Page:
For the Ho Chi Minh City-based artist’s first institutional solo show in the UK, Phan continues her ongoing research into the Mekong River and its entanglements with narratives of industrialization, food security, and ecological sustainability through a single-channel film and a series of lacquer and silk paintings.

Tickets must be booked in advance.

 

Summer Exhibition 2020 at the Royal Academy
Through January 3, 2021

Installation view of the Summer Exhibition 2020 (6 October 2020 – 3 January 2021) at the Royal Academy of Arts, London. Photo: © Royal Academy of Arts / David Parry.

A view of the Summer Exhibition 2020. Photo: © Royal Academy of Arts / David Parry.

The annual summertime group show, which sees a wide variety of works by emerging and established artists, will take place throughout the winter this year. This year’s presentation includes works by Tracey Emin, Julian Schnabel, and Anselm Kiefer, but there will be lots more to discover.

Ticket must be booked in advance.

 

Ai Weiwei: History of Bombs” at Imperial War Museum London
Through May 24, 2021

A view of “Ai Weiwei: History of Bombs” at the Imperial War Museum London. © IWM, Ai Weiwei.

This site-specific installation takes over the entirety of the museum’s atrium for the first time in the institution’s history. The show focuses on how humans try to solve crises using destructive measures.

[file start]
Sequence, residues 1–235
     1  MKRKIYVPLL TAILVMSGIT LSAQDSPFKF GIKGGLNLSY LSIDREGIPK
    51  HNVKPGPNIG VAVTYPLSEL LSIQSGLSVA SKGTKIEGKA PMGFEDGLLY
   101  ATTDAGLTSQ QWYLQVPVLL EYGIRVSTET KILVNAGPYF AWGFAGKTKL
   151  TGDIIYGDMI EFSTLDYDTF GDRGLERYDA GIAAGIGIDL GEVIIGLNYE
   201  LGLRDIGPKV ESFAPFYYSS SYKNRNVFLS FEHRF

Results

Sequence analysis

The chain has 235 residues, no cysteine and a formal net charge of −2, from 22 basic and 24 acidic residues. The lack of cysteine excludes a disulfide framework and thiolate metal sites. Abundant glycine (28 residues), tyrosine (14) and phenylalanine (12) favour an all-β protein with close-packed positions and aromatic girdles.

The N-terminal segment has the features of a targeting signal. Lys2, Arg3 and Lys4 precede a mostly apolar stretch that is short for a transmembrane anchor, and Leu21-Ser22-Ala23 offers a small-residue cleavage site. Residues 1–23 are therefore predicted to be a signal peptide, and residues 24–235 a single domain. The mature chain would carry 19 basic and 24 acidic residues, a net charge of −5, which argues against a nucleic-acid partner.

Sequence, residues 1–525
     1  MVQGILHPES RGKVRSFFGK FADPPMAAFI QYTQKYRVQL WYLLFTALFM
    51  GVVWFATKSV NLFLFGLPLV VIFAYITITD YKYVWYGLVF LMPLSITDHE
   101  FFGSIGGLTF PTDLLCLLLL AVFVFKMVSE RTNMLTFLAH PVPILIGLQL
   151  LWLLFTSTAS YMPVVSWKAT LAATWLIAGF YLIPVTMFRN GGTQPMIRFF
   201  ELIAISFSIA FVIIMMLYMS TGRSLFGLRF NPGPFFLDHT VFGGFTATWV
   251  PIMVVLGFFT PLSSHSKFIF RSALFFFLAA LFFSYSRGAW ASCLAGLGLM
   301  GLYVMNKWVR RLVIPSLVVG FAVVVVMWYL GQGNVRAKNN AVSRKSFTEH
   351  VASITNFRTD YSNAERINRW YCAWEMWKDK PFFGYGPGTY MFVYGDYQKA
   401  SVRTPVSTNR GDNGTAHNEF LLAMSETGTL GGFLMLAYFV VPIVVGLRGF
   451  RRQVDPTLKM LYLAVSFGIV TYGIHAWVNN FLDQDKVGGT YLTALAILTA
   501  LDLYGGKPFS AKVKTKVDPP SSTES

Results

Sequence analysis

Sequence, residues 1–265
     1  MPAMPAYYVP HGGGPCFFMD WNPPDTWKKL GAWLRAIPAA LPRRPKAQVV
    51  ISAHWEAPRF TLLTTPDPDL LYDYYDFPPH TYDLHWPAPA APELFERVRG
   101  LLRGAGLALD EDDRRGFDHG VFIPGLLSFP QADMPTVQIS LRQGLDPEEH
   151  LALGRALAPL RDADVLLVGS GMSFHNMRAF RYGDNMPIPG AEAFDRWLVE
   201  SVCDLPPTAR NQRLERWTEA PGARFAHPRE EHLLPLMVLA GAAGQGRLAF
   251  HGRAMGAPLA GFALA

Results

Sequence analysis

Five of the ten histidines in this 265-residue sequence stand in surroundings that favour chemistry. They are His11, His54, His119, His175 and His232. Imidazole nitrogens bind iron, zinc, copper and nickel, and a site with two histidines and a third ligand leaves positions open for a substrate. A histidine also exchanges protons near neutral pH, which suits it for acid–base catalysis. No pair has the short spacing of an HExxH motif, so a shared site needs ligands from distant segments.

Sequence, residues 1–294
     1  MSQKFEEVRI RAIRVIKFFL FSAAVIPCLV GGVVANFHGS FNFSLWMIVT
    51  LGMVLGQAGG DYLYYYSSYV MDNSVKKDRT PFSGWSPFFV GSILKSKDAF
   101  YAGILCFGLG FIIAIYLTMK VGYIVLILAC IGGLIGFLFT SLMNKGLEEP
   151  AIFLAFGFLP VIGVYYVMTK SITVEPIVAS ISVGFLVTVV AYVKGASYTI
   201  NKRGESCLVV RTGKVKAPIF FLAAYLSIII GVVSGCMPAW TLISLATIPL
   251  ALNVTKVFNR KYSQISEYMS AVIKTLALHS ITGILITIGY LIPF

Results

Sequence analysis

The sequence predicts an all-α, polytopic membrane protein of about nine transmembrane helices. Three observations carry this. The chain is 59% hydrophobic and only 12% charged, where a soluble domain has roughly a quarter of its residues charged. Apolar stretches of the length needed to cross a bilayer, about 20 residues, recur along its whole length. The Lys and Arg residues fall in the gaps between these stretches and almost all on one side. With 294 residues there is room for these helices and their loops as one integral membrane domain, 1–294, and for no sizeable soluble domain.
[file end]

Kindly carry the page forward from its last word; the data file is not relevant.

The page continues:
Ticket must be booked in advance

 

A Countervailing Theory” by Toyin Ojih Odutola at the Barbican
Through January 24, 2021

Toyin Ojih Odutola, A Countervailing Theory, 2020. Installation view, The Curve, Barbican, 11 August © Toyin Ojih Odutola. Courtesy of the artist and Jack Shainman Gallery, New York. Photo: Tim Whitby / Getty Images

A view of Toyin Ojih Odutola’s “A Countervailing Theory.” © Toyin Ojih Odutola. Courtesy of the artist and Jack Shainman Gallery, New York. Photo: Tim Whitby / Getty Images

For the Nigerian-American artist’s first UK commission, Odutola presents a site-specific installation of a new series of powerful drawings that travel along the nearly 300 feet of the Barbican. The show also includes an immersive soundscape by conceptual sound artist Peter Adjaye. 

Ticket must be booked in advance.

 

Nalini Malani: Can You Hear Me?” at Whitechapel Gallery
Through June 6, 2021

Nalini Malani, <i>Can You Hear Me?</i>, (2020), Photo: Ranabir Das © Nalini Malani.

Nalini Malani, Can You Hear Me? (2020). Photo: Ranabir Das © Nalini Malani.

This show presents a new commission by the Karachi-born artist, whose 50-year career as an artist-activist has touched on themes of violence, feminism, colonialism, and identity. Malani’s surrealist-inflected images bring humor to some of the horrific ideas she illustrates.

Ticket must be booked in advance

 

Solos” at Goldsmiths CCA
Through December 13

Installation view of Appau Jnr Boakye-Yiadom, Before, During & After, part of "Solos," at Goldsmiths Centre for Contemporary Art, London, 2020. Photo by Mark Blower.

A work by Appau Jnr Boakye-Yiadom in “Solos.” Photo by Mark Blower.

Goldsmiths has commissioned new works from four emerging artists: Appau Jnr Boakye-Yiadom, Emma Cousin, Lindsey Mendick, and Hardeep Pandhal. All of the works on view were created during lockdown and either explicitly or implicitly tell the story of the impact of the past several months on the artists’ works.

Tickets must be booked in advance.